Wednesday, October 23, 2013

The Texas Married Women Can't Vote Act

At least those married women who changed their names. And transgender people. And people with awkward first names they don't use of their driver's licenses.
h Townes on October 17, 2013 at 9:20 am
In addition to attacks on their reproductive rights, women in Texas are facing another sizable problem: large-scale disenfranchisement. Thanks to the state’s strict voter ID law – going into effect on November 5 – constituents must now provide a photo ID with their most up-to-date, legally-recognized name at the polls. On the surface the prerequisite appears achievable, but in reality it disproportionately impacts female voters, specifically those who are married.
According to the Brennan Center for Justice, “66 percent of voting-age women with ready access to any proof of citizenship have a document with [their] current legal name” – the remainder must find a way to procure a new photo ID to vote in upcoming elections. Because so many women fail to update their IDs after adopting their spouses’ last name, their right to vote is under threat. Doing so, however, comes with a litany of obstacles.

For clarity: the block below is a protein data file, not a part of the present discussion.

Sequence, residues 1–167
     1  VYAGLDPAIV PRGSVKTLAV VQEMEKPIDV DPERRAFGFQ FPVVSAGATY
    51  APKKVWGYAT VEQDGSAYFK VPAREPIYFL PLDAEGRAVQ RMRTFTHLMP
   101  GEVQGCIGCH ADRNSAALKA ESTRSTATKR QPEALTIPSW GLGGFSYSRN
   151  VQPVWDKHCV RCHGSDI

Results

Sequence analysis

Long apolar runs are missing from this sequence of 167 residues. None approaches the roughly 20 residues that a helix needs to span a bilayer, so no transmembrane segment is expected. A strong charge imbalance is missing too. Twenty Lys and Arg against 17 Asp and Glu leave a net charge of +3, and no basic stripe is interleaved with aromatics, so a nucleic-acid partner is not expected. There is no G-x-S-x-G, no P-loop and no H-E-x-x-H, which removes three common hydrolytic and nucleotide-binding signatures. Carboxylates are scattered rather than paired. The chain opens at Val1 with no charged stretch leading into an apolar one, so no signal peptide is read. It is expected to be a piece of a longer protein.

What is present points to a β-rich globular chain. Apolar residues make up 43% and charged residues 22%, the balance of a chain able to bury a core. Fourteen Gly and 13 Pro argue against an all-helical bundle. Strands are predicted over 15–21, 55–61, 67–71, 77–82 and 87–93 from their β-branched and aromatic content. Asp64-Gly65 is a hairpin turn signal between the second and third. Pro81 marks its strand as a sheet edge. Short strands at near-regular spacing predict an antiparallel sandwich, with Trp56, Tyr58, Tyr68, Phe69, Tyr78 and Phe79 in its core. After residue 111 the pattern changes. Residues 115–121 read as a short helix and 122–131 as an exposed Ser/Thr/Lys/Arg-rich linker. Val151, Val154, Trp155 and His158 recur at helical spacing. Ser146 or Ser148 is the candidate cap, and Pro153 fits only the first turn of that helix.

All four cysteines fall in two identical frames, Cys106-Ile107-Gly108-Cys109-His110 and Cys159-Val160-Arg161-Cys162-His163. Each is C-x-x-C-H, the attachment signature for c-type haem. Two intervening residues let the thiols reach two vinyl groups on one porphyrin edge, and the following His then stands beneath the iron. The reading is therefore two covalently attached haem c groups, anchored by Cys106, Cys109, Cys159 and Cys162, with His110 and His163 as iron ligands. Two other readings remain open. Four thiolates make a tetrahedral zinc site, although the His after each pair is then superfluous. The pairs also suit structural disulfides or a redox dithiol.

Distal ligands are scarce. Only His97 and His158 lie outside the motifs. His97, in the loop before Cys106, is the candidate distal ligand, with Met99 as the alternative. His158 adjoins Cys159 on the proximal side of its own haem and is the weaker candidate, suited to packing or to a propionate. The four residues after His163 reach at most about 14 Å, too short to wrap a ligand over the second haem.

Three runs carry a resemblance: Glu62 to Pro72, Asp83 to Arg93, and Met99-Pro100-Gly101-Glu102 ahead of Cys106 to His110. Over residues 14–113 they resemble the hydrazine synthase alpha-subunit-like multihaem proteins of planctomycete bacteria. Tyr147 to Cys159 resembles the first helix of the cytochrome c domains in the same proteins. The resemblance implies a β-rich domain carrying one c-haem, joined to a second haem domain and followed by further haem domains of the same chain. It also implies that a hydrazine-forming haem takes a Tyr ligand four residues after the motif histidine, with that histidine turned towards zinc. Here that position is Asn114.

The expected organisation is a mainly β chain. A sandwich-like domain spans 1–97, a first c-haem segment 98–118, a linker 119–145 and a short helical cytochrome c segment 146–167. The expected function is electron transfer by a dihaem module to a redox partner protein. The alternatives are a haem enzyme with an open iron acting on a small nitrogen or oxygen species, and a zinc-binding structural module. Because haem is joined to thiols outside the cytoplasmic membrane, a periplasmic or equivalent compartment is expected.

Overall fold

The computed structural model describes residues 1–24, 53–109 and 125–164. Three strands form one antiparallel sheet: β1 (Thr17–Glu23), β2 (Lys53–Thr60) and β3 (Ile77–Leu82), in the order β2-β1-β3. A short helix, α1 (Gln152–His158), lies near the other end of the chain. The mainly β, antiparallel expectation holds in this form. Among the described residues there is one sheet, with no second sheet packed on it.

Constituents must show original documents verifying legal proof of a name change, whether it is a marriage license, divorce decree, or court ordered change – they are prevented from using photocopies. In the absence of original documents, voters must pay a minimum of $20 to receive new copies. Due to inflexible work schedules and travel expenses, voters often opt to have their documents mailed, incurring additional costs.
Goes to show you: don't mess with Texas Republicans as they protect their state against massively non-existent voter fraud. Also, adverse electoral outcomes.

(By the way, current Tex guv Rick Perry is actually James Richard Perry. I wonder how he has appeared on the ballot over the years. Ditto for Rafael Edward (Ted) Cruz.)

h/t Feminist Philosophers

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